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Yield of maize and cowpea in an alley cropping system in relation to available light
Measurements of incident solar radiation were made in sequentially cropped maize (Zea mays L.) and cowpea (Vigna unguiculata L. Walp.) planted between hedgerows of shrubs in an alley cropping pattern. The incident solar-radiation profile was examined and its effect on crop yield determined. The study involved four different species of shrubs (Leucaena leucocephala (Lam) de Wit, Gliricidia sepium (Jacq.) Walp, Alchornea cordifolia, and Acioa barterii), planted at two row spacings (2 and 4 m) and two fertilizer rates (F1=45-20-20 and F2=90-40-40 kg of N-P-K ha−1) applied to the maize crop only. The hedgerows were periodically pruned, and the prunings added as mulch to the respective plots. The control plots were cropped without hedgerows. There was partial shading of the crops by the hedgerows despite periodic pruning of the shrubs. Incident radiation measured at the height of the leaves subtending the ear in maize, and just above the canopy in cowpea, decreased exponentially as a function of an index defined by the ratio of the relative height of the shrubs above the respective height of measurement in the crops (Hs−Hc) to the distance (D) between the hedgerow and the adjacent crop row. A higher degree of shading associated with the faster growing species (Leucaena, Gliricidia) and/or closer inter-hedgerow spacing resulted in corresponding decreases in crop yield. Larger amounts of hedgerow biomass production (> 5 t ha−1 dry weight) were found to be associated with significant decreases in crop yields owing to increased hedgerow shading particularly with Leucaena. Hedgerows and the organic residue mulch from the prunings contributed to an overall improvement in soil moisture retention.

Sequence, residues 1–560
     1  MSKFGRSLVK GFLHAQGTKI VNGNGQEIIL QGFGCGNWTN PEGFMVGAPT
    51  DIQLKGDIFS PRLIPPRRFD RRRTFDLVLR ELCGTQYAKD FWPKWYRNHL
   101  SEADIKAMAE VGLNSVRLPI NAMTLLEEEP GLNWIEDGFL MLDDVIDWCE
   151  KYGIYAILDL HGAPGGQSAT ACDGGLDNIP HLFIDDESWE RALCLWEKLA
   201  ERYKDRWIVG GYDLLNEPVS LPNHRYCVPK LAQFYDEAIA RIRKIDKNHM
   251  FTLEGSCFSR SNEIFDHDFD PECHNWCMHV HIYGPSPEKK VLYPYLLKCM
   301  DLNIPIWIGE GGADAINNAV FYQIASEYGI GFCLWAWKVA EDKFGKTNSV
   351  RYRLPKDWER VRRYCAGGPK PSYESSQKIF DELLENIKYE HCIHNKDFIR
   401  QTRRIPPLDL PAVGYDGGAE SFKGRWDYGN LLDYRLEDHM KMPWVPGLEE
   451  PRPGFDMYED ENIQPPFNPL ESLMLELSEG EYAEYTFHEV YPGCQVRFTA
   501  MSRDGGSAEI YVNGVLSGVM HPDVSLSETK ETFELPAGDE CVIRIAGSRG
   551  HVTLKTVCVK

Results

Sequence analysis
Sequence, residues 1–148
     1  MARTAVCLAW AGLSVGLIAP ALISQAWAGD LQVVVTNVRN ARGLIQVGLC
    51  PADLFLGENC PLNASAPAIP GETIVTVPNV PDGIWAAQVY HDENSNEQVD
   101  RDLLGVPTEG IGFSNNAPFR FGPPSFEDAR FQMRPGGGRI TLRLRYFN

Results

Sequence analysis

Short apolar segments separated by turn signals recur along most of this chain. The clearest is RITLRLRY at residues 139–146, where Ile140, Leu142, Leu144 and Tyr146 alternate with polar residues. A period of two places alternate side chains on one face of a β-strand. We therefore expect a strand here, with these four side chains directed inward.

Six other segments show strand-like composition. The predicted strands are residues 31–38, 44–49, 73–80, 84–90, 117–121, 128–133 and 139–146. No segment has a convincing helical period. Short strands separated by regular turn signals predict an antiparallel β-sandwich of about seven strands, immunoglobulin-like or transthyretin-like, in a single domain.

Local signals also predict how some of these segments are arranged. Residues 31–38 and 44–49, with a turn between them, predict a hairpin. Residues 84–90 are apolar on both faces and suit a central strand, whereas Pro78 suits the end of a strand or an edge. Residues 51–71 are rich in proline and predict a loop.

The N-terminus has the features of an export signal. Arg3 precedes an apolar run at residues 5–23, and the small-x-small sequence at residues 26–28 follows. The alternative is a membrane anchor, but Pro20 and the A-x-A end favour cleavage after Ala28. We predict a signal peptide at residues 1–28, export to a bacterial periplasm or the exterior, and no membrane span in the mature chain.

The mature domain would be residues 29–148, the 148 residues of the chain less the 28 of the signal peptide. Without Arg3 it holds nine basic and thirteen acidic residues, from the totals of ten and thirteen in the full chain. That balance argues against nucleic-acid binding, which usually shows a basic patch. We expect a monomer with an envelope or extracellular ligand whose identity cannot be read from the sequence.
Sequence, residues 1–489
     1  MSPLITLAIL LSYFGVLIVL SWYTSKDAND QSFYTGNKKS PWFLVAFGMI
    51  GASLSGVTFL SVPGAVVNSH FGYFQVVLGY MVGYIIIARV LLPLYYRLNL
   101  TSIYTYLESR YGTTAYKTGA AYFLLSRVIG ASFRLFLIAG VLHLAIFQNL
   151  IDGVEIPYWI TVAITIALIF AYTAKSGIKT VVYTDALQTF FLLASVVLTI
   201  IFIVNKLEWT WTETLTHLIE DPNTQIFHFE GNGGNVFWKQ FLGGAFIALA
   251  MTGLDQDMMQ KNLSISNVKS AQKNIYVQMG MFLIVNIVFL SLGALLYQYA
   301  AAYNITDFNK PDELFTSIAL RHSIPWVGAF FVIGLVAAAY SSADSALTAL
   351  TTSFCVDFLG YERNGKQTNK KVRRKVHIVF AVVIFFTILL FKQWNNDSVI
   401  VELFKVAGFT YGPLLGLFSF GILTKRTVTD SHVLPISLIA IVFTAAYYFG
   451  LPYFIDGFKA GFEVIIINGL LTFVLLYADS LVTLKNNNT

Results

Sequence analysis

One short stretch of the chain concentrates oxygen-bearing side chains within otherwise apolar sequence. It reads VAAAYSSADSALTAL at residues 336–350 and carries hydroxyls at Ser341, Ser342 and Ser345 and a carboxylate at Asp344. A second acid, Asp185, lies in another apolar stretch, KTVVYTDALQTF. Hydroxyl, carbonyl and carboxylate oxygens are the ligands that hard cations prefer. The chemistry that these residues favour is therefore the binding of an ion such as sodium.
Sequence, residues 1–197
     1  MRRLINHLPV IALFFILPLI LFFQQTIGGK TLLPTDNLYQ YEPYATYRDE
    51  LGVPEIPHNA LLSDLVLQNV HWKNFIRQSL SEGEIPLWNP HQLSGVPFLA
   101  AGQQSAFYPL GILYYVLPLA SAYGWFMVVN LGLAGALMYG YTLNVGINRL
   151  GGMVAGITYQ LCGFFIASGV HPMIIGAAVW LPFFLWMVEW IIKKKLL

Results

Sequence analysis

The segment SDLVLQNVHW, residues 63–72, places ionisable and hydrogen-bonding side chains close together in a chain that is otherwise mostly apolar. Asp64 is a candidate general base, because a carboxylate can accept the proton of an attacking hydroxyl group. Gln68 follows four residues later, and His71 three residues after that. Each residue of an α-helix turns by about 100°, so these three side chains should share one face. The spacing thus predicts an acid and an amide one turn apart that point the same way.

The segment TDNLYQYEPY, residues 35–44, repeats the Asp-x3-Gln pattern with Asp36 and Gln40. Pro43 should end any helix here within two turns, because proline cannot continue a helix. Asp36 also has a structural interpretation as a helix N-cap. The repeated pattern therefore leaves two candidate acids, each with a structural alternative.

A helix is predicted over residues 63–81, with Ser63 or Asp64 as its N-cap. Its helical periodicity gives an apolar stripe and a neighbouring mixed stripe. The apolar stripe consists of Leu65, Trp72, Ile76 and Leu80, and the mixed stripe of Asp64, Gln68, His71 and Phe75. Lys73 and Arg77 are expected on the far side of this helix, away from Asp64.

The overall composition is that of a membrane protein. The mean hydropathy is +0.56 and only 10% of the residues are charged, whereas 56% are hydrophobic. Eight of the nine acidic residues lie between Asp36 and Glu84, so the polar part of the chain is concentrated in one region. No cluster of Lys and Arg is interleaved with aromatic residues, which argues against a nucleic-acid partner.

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Permanent link to this itemhttps://hdl.handle.net/20.500.12478/6039
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